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Byline: Gary Marx
BOGOTA, Colombia _ It was well past midnight when 11-year-old Ivan Osorio finally got the chance to speak to his kidnapped father.
"Hi, Daddy, how are you?" Osorio asked softly as he craned his neck to reach the microphone. "I hope that you are well. I love you very much."
Osorio is one of hundreds of Colombians who each week broadcast messages to their loved ones through "The Voices of Kidnapping" radio program.
With thousands of Colombians held hostage by a dizzying array of insurgent groups and violent criminal bands, the radio show that airs each Sunday morning has become a lifeline for families devastated by the loss of a father, mother, sister or brother.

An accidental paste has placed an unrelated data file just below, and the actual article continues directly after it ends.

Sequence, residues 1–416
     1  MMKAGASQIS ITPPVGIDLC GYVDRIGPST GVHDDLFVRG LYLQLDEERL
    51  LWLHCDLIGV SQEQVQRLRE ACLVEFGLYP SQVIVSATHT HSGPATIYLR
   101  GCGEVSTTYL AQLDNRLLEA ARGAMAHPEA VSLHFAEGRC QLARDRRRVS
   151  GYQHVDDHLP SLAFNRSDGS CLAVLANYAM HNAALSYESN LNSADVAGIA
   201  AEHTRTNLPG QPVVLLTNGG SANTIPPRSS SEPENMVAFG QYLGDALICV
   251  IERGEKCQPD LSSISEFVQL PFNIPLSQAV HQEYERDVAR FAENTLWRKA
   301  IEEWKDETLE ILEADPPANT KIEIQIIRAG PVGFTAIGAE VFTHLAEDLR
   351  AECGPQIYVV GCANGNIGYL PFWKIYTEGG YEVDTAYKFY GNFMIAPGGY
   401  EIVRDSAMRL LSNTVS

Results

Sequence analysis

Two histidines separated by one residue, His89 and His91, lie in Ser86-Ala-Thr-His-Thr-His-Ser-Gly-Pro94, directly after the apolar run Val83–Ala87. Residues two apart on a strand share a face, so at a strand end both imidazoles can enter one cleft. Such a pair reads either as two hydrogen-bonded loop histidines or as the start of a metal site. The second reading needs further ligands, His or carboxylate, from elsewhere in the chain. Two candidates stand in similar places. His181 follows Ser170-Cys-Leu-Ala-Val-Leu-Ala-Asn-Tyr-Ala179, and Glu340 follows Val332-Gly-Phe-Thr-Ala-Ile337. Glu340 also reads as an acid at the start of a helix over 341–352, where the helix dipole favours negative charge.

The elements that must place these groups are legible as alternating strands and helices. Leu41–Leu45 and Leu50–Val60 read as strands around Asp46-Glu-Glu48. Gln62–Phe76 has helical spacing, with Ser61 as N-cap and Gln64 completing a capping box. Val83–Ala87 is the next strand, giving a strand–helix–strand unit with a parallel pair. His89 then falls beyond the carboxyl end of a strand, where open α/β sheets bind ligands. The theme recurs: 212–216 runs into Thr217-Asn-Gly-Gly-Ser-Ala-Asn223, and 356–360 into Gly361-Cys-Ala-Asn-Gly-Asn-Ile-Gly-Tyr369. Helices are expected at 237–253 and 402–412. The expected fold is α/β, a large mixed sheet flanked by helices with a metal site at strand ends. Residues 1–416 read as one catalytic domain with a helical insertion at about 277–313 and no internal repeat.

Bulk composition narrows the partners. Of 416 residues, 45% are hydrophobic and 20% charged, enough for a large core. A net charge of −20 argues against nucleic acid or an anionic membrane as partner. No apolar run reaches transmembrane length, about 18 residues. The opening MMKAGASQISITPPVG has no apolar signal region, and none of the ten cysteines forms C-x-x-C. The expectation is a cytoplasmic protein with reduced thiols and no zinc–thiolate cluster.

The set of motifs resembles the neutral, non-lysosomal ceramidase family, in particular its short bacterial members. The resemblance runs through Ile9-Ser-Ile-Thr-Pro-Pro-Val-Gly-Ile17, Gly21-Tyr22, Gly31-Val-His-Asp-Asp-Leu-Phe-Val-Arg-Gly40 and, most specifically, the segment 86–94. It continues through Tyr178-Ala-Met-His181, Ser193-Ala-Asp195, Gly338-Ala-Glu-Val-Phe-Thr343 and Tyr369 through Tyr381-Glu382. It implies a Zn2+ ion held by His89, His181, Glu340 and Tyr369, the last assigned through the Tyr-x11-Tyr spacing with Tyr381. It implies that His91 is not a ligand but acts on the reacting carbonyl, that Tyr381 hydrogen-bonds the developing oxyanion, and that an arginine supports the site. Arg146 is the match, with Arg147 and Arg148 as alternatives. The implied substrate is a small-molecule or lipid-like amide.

But the show _ a call-in program with occasional studio guests _ also is a savior for the captives, providing a glimmer of hope in an otherwise dismal existence. Many kidnap victims are held for years in freezing mountain camps or in isolated jungle hideouts with no contact with the outside world except perhaps for a simple transistor radio.
The subjects of the messages are the stuff of everyday life _ news of a birthday, a son or daughter entering college, the loss of a child's first tooth, the …